Friday, March 30, 2007

XHTML 1.0 and 1.1: Current Ideas and New Directions

XHTML 1.0 is the reformulation of HTML as an XML application. This means that documents as well as syntax must conform strictly to the concepts and DTDs of the language version. The ideas from HTML 4.0, especially the separation of document structure from presentation and issues concerning accessibility and internationalization, are intact in XHTML 1.0. What’s more, the three DTD offerings (strict, transitional, and frameset) originally from HTML 4.0 and later refined by HTML 4.01 are essentially the same DTDs found in XHTML 1.0.

XHTML 1.0 is best seen as a transitional language that helps puts professional Web authors in the position of writing specification-oriented markup. It puts browser manufacturers on the hot-seat and tells them “get your acts together!” It also moves us toward the extensible intelligence of XML and away from the limitations of HTML.
But transition also means that readying yourself for XML is very important, too. Fortunately, XHTML contains enough of each to help strengthen your HTML skills and to get those of you unfamiliar with XML more comfortable with its applications. Several of the primary XML concepts introduced in XHTML 1.0 are as follows:

Reintroducing structure back into the language. Picking up on the SGML and XML idea that documents should be written in conformance with the rules set out within the languages, XHTML insists upon a variety of syntax and semantic rules that must be adhered to. One such rule is the idea of well-formed.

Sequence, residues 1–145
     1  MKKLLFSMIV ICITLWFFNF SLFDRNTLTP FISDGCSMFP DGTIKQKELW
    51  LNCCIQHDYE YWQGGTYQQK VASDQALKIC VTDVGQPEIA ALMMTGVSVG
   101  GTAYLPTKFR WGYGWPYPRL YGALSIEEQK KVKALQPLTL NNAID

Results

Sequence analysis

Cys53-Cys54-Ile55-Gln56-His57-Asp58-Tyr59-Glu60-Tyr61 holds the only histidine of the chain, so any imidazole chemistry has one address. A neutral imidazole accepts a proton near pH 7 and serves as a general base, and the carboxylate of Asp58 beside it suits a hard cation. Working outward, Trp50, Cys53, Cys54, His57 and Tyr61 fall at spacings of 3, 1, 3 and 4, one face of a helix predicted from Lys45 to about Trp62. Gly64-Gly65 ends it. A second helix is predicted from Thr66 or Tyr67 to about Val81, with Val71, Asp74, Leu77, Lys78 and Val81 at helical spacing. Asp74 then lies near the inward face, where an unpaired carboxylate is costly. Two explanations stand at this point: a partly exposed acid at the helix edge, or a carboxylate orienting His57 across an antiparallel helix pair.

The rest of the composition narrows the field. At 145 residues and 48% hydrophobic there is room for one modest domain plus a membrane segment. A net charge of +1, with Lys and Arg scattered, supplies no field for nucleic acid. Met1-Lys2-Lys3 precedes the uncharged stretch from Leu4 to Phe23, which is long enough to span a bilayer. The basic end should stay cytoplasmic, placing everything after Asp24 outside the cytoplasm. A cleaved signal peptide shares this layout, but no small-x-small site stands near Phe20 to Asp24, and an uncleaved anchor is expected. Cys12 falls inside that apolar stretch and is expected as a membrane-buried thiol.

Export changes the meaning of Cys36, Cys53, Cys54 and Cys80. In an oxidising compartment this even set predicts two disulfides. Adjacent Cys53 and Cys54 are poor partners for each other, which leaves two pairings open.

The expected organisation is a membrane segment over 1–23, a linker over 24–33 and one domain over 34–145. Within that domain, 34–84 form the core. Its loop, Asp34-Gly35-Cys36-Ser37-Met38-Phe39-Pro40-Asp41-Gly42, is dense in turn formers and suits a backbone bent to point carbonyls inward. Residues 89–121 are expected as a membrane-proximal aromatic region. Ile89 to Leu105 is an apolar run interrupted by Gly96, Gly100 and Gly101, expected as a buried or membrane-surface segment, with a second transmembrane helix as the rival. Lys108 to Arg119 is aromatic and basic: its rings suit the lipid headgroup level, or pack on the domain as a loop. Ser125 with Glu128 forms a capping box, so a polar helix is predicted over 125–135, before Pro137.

Providing authors with incentives to validate documents. The validation of documents is somewhat controversial for a number of reasons. Certain people believe that validation is an unnecessary part of the process so long as the documents are well-formed. However, I personally feel that validation is a powerful learning tool that helps us find our mistakes, fix them, and in the process, understand the way a specific DTD works. Validation, therefore, is encouraged throughout.

Accommodating New Devices. Part of the drive to accommodate XML in the Web development environment has to do with an intriguing phenomenon. If the 90s were the years of information explosion and the movement of the PC from the workplace to the home, this decade will be known for the movement away from the desktop.

With XHTML 1.1, the concept of separation of structure and presentation is complete. XHTML 1.1 has only one public DTD, based on the Strict DTD found in XHTML 1.0. Web authors also have the option to work with modularization. Modularization breaks HTML down into discrete modules such as text, images, tables, frames, forms, and so forth. The author can choose which modules he or she wants to use and then write a DTD combining those modules into a unique application. This is the first time we really see the extensibility introduced by XML at work, because instead of having only the public DTDs to choose from, authors can now create their own applications.

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